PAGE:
'Windfall' Helps Texas School District

Many cash-strapped school districts across the United States likely wish they could harness the wind to generate revenue. In some West Texas schools, that's exactly what's being done. Is this an isolated circumstance or is it the possible beginning of an innovative way to fund public education?

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wind power west texas school funding

Wind Power

Humans have been drawing energy from wind since the first windmills were created centuries ago. The use of wind as a source of energy has grown by about 30% over the past ten years or so. This clean energy alternative is especially accessible in West Texas, where strong winds frequently blow across the plains.

The science is relatively simple: winds turn the blades of a huge turbine, transferring energy from the blades to the shaft and through an electrical generator. When enough energy is harnessed, it can power homes and businesses.

Wind power is clean, fuel-free and totally devoid of emissions. And in the case of some Texas schools, it can be a ludicrous source of income.

Reaping the Benefits

For West Texas schools, it all started about ten years ago.

As part of the Texas Economic Development Act, passed in 2001, wind farms receive property tax breaks for participating in a renewable-energy project. In lieu of taxes, wind farms agreed to make payments to area school districts.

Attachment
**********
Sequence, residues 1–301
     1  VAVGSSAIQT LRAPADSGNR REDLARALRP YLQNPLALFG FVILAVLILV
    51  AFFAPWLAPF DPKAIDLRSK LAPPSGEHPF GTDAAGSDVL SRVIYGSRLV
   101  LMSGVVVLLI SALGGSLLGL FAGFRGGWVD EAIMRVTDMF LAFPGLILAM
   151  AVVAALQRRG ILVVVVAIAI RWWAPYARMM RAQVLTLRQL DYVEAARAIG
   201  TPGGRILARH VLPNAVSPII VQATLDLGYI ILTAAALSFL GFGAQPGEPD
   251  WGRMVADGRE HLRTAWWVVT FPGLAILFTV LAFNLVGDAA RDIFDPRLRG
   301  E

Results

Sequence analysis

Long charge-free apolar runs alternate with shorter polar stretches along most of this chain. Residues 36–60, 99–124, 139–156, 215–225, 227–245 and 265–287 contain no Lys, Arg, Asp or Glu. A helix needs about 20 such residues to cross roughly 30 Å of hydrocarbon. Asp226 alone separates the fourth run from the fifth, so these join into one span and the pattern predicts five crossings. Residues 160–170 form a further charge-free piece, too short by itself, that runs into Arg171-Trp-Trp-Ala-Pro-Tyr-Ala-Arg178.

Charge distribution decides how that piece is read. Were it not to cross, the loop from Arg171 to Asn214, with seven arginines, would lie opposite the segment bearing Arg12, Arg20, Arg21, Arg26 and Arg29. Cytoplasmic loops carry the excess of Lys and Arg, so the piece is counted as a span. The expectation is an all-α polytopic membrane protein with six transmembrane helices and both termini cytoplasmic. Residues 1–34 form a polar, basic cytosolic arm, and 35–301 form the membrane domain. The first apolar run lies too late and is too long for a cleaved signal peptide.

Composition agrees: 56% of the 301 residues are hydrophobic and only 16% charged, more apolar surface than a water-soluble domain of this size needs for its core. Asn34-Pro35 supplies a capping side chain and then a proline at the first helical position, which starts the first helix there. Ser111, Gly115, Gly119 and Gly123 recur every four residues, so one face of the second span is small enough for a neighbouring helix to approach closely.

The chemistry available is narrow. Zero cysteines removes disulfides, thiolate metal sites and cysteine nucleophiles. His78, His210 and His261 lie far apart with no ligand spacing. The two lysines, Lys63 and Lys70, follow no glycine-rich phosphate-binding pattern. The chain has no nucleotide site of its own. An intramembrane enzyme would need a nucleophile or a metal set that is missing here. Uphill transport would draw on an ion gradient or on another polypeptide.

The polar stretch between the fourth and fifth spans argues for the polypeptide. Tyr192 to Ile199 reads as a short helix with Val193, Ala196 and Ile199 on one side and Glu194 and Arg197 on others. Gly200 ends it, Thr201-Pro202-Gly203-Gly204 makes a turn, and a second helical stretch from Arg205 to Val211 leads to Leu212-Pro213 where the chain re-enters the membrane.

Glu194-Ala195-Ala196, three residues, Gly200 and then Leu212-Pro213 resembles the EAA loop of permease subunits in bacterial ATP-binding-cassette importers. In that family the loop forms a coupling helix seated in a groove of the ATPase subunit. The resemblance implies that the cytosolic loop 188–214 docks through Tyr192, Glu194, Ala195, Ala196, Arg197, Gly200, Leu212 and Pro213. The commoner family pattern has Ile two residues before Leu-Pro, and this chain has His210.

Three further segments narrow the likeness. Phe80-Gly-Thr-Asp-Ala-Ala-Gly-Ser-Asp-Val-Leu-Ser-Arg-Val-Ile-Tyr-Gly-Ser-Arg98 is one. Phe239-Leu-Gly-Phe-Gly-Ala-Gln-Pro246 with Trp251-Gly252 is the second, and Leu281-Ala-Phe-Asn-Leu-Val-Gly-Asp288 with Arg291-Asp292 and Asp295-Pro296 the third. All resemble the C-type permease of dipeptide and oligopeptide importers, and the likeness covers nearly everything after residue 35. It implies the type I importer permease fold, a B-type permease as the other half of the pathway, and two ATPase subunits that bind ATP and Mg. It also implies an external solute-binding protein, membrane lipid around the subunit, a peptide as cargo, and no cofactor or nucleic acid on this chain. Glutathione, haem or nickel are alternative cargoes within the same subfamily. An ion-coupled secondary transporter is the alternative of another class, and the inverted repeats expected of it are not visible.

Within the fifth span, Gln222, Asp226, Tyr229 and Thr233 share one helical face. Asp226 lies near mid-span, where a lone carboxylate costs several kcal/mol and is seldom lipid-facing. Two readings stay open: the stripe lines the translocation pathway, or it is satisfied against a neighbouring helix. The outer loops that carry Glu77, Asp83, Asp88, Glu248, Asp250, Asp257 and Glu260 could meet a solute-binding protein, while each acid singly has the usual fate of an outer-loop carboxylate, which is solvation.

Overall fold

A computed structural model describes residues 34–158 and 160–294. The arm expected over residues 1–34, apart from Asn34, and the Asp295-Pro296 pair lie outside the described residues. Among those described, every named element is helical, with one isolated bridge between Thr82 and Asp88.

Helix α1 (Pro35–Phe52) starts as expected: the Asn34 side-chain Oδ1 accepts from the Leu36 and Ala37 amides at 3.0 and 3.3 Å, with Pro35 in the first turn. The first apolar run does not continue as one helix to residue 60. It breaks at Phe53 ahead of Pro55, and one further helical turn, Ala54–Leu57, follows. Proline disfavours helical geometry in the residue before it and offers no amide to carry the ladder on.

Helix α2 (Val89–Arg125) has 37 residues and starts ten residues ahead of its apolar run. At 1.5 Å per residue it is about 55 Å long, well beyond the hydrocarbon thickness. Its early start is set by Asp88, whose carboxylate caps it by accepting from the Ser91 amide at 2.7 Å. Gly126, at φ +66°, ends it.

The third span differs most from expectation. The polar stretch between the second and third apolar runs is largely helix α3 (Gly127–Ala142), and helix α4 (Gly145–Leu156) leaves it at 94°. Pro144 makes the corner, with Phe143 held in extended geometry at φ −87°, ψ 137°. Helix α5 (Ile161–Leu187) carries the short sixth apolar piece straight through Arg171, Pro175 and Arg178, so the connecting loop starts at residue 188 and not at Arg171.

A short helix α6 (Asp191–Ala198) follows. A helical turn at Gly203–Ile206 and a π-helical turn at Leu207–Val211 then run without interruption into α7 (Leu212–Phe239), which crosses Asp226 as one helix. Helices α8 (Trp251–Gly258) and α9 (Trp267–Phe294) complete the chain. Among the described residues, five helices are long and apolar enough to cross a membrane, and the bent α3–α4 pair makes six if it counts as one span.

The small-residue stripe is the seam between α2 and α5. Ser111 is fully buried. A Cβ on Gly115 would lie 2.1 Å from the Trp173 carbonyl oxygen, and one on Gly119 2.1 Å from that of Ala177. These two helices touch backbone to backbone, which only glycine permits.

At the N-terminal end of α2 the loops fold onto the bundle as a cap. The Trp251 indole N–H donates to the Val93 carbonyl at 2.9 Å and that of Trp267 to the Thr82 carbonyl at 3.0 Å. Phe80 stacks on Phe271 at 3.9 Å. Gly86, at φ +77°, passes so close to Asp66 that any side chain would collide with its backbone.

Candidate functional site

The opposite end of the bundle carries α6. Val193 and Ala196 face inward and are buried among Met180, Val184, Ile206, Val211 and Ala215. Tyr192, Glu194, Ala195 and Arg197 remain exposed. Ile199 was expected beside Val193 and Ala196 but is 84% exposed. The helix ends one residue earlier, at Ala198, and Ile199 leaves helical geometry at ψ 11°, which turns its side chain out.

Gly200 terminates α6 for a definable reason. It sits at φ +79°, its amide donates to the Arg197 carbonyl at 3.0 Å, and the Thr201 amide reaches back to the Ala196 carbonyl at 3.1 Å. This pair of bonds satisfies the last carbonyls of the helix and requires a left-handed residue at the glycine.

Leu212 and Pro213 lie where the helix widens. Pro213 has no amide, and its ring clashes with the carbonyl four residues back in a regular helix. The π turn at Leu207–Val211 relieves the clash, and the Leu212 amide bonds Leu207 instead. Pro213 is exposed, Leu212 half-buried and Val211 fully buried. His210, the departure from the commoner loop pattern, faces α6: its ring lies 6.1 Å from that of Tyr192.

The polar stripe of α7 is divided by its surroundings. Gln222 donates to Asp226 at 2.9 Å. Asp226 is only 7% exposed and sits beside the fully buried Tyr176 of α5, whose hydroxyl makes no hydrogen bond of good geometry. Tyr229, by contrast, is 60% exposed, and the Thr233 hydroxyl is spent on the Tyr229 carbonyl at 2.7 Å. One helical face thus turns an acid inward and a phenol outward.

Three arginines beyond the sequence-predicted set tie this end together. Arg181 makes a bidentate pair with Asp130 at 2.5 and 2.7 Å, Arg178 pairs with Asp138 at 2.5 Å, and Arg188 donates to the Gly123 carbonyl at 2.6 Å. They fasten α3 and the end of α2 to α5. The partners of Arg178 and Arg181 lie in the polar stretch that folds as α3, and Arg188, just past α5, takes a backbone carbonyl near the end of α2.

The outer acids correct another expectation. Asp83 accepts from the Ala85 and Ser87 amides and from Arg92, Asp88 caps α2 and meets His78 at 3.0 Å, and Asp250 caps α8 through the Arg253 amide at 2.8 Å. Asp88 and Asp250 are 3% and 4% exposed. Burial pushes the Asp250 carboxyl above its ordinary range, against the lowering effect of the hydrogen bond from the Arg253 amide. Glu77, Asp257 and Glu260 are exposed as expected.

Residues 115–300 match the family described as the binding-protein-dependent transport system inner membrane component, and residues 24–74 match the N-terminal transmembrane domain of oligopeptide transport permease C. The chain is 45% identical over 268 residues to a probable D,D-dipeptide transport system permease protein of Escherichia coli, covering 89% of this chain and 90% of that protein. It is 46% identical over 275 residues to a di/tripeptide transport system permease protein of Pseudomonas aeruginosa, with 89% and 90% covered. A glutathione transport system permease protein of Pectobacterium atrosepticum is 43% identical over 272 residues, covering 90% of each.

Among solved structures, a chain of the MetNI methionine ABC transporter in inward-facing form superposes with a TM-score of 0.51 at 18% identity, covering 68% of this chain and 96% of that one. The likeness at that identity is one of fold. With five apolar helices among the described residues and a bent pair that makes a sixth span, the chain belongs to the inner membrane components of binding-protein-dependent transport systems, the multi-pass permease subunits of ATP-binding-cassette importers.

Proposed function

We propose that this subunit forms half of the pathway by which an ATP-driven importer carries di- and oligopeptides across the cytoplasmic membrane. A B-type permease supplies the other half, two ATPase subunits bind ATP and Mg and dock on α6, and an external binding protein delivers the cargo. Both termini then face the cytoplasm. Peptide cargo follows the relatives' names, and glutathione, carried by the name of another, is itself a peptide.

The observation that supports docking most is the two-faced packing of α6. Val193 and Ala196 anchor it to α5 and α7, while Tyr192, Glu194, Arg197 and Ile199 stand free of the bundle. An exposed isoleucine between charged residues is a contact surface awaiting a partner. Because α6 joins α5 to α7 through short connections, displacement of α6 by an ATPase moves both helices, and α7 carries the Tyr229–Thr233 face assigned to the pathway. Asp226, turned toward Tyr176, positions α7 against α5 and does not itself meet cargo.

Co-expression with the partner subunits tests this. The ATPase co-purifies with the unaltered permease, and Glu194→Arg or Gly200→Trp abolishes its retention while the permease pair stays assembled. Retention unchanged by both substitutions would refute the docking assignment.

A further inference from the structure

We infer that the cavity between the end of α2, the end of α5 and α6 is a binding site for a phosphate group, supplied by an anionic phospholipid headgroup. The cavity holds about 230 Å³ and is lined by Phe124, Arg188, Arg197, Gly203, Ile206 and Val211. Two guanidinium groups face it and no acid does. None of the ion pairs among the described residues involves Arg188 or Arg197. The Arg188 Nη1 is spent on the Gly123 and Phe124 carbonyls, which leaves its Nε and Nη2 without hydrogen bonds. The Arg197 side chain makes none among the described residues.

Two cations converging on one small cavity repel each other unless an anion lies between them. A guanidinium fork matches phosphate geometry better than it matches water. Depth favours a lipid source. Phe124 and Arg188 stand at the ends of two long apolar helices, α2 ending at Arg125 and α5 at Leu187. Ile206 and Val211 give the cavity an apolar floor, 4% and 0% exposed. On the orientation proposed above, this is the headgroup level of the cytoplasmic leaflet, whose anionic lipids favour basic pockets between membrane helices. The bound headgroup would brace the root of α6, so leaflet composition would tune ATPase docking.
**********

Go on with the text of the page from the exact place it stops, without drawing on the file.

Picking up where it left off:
This revenue, which amounts to millions and millions of dollars (one district estimates it will have received from a 2005 wind farm deal a total of $35 million by 2019), has resulted in building improvements, scholarship funding and even the purchase of iPads for every student in seventh grade and above.

Gone With the Wind?

In 2009, the Texas Legislature, perhaps fueled by a public outcry against the funding inequality wind farm deals were creating between those schools that had the opportunity to enter into such deals and those that did not, put an end to the brokering of such deals.

The new legislation now allows schools to receive no more than $100 per student from wind farm payments. However, the fact that the wind farms are located nearby helps the schools out in another way: they lower taxes by raising property value.

A recent report from the state comptroller's office makes the argument that even the reduced payments should be stopped. Others say that the revenue generated by these deals should be added to state funding and be shared by schools across the state.

But districts receiving the revenue feel that the money should be theirs alone. One energy executive agrees, saying that the payments could be seen as 'finder's fees' for schools that put together the deals.

While legislators, school officials and watchdog groups argue over how to distribute the revenue, West Texas schools continue to reap the benefits. Many of these schools invested past revenue, or allowed it to accrue, and are now using these 'windfalls' to fund programs and make improvements that state funding simply can't cover.

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